Under a blanket of snow, Tom and Sue Brinkman’s yard blends in with the neighborhood. But in summer, their garden explodes into a unique tropical paradise. The only hint this time of year that their garden might be different is a greenhouse in back that is bursting with hundreds of exotic plants. These will be brought out when the weather warms, to light up their landscape with unusual shapes, hues, and textures.
I first met Tom and Sue at their “Houseplants and Containers” class, part of the Outagamie County Master Gardener program. Even from down the street their house stood out. The front yard, framed by flowerbeds, welcomed me with waves of color. Annuals such as coleus, begonias, and verbena mixed with hardy shrubs and perennials such as lilies, coneflower and daisy.
The Brinkmans designed their celebrated garden around a path. It leads through an intimate side garden, past a pond, through a woodland, to a seating area, and then to an outdoor fireplace. Stone, mulch and grass give each section a different feel.
A 60 year-old Sugar Maple anchors the back garden; its 90-foot high canopy is dramatic. “To add interest at the base, we surrounded it with Virginia Creeper which also makes the tree feel older. The birds and squirrels love to play in it.”
Ornaments include several Buddha, a lantern, and prayer bells inspired by Japanese design
What makes this garden unique is how exotics are integrated into the garden. Tropical plants are displayed in groups on the ground, arranged on benches, and hung on walls and tree branches.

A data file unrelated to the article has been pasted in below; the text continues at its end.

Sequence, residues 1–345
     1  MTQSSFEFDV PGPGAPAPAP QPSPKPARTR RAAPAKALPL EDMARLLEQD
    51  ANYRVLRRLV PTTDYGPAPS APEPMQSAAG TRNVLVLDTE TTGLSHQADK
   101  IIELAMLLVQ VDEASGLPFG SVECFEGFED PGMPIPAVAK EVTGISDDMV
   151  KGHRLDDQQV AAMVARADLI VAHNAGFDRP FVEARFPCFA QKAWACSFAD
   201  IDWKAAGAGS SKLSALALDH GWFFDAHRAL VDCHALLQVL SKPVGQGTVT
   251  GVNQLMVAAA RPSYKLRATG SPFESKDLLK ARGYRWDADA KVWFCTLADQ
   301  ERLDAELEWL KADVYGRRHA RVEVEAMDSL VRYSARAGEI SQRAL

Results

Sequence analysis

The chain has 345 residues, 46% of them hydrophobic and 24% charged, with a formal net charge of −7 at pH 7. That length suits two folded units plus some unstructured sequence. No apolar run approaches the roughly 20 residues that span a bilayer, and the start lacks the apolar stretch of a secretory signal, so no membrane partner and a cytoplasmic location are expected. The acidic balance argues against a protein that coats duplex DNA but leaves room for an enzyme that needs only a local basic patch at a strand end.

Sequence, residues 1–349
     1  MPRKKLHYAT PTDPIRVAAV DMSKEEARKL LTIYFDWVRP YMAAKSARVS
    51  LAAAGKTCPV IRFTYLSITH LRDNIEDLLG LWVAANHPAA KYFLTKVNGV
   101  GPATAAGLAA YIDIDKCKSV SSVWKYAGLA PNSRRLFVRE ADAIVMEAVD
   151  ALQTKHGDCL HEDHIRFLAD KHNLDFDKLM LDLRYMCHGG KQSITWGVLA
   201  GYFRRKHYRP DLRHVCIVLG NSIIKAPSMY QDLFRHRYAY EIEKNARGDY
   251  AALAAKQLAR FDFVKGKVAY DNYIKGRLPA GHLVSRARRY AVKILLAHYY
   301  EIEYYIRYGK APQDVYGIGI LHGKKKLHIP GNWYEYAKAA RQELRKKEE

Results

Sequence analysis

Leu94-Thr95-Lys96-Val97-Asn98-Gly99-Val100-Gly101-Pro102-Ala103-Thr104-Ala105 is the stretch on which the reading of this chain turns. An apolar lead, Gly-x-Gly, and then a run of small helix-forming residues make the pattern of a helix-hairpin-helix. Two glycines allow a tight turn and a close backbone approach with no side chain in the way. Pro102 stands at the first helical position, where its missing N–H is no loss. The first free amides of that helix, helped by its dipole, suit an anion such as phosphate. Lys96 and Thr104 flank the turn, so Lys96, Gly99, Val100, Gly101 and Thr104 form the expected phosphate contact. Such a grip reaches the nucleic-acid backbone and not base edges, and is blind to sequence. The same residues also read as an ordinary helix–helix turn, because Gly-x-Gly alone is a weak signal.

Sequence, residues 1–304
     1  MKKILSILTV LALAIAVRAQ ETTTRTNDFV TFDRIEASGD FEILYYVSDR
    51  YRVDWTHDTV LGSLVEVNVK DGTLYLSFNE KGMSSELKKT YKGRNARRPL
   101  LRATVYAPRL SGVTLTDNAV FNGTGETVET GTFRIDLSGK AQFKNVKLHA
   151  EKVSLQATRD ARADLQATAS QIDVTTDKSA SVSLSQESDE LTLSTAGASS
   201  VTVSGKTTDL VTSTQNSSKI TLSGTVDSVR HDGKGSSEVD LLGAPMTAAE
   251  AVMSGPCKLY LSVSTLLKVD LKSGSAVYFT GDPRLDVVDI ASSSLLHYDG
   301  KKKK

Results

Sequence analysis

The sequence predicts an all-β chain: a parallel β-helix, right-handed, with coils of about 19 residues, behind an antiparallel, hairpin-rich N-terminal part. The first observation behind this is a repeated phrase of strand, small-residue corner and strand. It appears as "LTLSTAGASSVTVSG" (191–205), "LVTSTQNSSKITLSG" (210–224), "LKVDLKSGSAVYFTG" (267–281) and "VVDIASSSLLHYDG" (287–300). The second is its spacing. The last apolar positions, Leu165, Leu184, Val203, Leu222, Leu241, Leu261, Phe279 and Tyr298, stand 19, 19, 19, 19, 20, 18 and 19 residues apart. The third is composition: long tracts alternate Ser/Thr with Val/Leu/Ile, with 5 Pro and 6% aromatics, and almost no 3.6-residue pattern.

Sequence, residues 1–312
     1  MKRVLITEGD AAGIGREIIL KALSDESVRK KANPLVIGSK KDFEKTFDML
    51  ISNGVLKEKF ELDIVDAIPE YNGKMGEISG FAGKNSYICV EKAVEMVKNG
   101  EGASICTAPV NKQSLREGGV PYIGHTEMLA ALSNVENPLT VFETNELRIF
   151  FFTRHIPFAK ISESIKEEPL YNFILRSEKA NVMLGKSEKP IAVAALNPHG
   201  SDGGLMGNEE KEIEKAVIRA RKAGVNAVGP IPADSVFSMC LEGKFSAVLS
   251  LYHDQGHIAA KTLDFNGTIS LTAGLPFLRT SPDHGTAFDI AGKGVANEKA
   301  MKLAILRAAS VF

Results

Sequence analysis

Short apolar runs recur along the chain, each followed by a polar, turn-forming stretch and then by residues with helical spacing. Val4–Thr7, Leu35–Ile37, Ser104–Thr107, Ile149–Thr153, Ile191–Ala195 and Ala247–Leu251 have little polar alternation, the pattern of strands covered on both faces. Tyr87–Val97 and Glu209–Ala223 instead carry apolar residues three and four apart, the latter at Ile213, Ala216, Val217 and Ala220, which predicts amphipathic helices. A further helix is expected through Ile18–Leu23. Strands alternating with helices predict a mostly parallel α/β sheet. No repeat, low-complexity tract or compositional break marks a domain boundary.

Tom and Sue also plant 25 massive containers. Tom explained, “we used to create 50 planters, but cut that back and we have been simplifying them. We actually found that this works better.”
Collectively these design elements create an immersive, playful, and exciting experience from the ground up. The Brinkmans have developed a fearless, adventurous approach to gardening in zone 4.
What makes this all possible is the greenhouse that they put in 20 years ago. “With hundreds of exotic plants to care for in the winter we got tired of climbing through a jungle to get from the bed to the bath. So we designed an affordable greenhouse set along one side of our property where the light is optimal.”
The Brinkmans are continuing a garden tradition that started with Italian renaissance “orangeries” used to over-winter citrus trees in the 1500’s. Later, Victorian glass houses were used by plant hunters to cultivate exotics found in their voyages around the world
During my recent visit, the outside temperature was 4 degrees. Dressed in a T-shirt and sandals, Tom gave me a tour of the greenhouse. I expected to keep my coat on, but he stopped me, “You won’t need that. Despite the bitter cold, the greenhouse will be 70 degrees.”
Inside, hundreds of plants covered tiered shelving and hung from the ceiling. “These are Meyer Lemons, here’s our climbing onion, and there the hibiscus – the aphids love them!”
Tom’s favorites are the bromeliads. “They are easy to grow and have the most fascinating colors and textures.”
The Brinkmans visit new nurseries wherever they travel, and rely on a few trusted catalog sources. “Fortunately, local growers have started to expand their tropical offerings so that more people can get into this.” For these seasoned gardeners, “Finding a plant that has an unusual shape or color is really thrilling.”
Tom makes exotics seem easy. His approach combines deep horticultural knowledge with ways of integrating plant care into life’s routines. For example, “even though one side of the greenhouse is drier than the other, every plant gets watered the same day. The secret is to have good drainage. Then they’ll be ok.”
He advises gardeners not to “be afraid to start with smaller plants. There is something special about seeing things grow.” And he warns, “Don’t transplant too much. If a plant is happy where it is why stress it out. I learned this the hard way.”
Twice a year Tom and Sue reflect on what’s next for the landscape. Tom tries new things, while Sue edits to increase the impact of the various compositions.
Through their unique garden, Tom and Sue fill us with inspiration: they show us what is possible. And they share techniques that give us access to the tropics without leaving home.